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GDPR Marketing

17% of marketing and advertising agencies would go under if hit with a GDPR fine


By Jennifer Faull, Deputy Editor

May 30, 2017 | 3 min read

Almost a fifth of companies in the marketing and advertising sector would go out of business if they were to be hit by a fine for non-compliance of the new GDPR legislation.


GDPR - marketing firms at risk of closure

The General Data Protection Regulation (GDPR) comes into force in less than one year and covers everything from a consumer’s ‘right to be forgotten’ to data breach notification and accountability. At the heart of the reform in how companies must handle customer data is a fine, standing at €20m or 4% of an company's global revenue, if they are found to be falling foul.

But, in a survey of 187 marketing and advertising companies conducted by YouGov on behalf of law firm Irwin Mitchel, 70% said they wouldn't be certain of their ability to detect a data breach. Meanwhile, just 37% said they would be equipped to deal with it in the required timescale of three days.

This will not fill client-side marketers with confidence. As The Drum recently reported, many brand marketers are themselves struggling to get to grips with the new legislation and what it means for their business.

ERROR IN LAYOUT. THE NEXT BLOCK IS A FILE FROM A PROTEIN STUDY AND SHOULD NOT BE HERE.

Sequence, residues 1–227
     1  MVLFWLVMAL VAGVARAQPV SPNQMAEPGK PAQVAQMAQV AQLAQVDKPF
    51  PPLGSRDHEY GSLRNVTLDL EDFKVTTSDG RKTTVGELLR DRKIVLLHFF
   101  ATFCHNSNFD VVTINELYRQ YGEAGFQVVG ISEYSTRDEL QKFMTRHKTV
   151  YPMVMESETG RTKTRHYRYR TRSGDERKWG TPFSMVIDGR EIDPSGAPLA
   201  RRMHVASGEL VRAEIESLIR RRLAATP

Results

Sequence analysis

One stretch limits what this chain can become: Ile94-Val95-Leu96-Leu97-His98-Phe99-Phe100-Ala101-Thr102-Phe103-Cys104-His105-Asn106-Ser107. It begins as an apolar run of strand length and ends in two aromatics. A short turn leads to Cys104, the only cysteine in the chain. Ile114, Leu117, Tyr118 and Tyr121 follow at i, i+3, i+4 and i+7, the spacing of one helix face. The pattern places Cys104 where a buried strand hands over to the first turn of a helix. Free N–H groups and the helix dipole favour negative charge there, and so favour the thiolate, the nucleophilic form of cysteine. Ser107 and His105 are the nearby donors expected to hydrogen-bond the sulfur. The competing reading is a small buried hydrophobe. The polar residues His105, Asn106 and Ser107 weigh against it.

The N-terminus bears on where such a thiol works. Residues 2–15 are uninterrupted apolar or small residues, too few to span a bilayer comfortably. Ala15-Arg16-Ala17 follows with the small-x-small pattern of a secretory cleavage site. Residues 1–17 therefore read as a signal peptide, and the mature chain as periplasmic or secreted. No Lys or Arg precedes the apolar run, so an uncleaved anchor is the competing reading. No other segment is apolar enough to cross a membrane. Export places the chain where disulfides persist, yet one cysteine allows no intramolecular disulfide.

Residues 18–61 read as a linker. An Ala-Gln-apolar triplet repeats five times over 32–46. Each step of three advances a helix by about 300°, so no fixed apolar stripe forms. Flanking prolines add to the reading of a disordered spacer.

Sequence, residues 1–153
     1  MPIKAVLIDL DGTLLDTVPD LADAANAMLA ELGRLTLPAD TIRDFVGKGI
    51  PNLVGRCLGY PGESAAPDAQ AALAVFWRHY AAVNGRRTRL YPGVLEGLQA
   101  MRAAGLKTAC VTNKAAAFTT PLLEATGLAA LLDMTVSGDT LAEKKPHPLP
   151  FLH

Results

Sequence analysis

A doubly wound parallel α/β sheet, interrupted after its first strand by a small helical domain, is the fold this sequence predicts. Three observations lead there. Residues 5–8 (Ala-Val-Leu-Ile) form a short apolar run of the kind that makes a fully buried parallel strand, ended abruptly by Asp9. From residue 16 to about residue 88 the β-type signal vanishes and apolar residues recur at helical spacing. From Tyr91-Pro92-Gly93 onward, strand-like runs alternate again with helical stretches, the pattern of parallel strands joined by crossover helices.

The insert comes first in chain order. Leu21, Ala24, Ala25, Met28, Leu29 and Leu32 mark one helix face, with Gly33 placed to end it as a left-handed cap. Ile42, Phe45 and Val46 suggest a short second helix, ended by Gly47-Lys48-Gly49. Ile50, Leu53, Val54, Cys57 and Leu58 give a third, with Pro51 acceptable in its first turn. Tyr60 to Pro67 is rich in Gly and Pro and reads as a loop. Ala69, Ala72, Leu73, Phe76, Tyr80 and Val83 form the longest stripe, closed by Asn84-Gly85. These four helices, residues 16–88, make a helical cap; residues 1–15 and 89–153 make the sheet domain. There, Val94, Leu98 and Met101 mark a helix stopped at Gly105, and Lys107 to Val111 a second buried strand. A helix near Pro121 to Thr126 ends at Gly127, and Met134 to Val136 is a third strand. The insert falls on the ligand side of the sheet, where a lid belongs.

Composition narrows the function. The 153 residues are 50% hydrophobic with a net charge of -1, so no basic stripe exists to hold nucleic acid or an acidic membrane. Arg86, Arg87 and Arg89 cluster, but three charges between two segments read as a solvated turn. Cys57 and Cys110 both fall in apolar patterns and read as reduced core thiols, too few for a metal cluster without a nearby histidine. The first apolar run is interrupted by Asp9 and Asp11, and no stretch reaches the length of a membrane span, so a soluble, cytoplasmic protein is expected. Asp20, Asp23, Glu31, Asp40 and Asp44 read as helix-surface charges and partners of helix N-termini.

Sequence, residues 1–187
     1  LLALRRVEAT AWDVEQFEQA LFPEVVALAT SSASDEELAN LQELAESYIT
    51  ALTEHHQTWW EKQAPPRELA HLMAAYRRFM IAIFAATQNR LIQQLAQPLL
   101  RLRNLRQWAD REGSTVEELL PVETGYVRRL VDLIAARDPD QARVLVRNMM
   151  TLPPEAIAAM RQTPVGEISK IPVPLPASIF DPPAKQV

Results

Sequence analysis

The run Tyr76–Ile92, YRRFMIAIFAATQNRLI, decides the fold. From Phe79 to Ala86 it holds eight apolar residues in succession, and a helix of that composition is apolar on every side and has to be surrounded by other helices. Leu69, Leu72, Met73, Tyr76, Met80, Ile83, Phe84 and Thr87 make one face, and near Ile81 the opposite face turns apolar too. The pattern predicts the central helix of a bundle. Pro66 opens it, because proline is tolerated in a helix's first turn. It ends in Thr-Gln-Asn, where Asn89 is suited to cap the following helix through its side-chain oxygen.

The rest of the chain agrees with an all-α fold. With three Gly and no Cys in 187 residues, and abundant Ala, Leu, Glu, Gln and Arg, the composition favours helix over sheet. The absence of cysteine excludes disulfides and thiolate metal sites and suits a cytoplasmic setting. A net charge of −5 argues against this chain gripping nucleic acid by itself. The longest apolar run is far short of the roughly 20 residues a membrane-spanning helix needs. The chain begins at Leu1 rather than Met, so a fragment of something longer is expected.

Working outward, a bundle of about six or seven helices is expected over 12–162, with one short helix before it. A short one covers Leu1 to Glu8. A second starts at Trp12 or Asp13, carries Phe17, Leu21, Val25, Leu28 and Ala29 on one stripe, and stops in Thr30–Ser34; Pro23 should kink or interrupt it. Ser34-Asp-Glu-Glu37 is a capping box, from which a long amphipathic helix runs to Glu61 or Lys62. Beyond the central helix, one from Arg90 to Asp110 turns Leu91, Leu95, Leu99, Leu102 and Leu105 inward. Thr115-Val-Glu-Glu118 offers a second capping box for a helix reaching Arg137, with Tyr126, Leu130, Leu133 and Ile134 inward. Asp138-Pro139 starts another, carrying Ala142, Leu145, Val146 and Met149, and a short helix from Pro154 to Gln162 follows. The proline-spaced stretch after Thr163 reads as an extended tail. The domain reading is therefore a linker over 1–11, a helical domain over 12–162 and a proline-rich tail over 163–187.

Beyond that, they also have to ensure than any supplier they work with – such as marketing or advertising agencies – are also compliant. However, as it stands only 34% of advertising firms actually aware of the new GDPR directive.

If they were to be subject to a fine,17% would find that the maximum penalty would force them out of business.

“These results are concerning because with next May’s deadline fast-approaching and with so much at stake, our study reveals there’s a very real possibility that a large number of marketing and advertising firms will not be compliant in time,” Joanne Bone, partner and data protection expert at Irwin Mitchell said.

“Contrary to popular belief personal data is not just consumer information. It is hard to think of a business today that does not use personal data. Whether you have employee data, customer data or supplier data – if the data relates to an individual you will be caught by the new data protection laws.”

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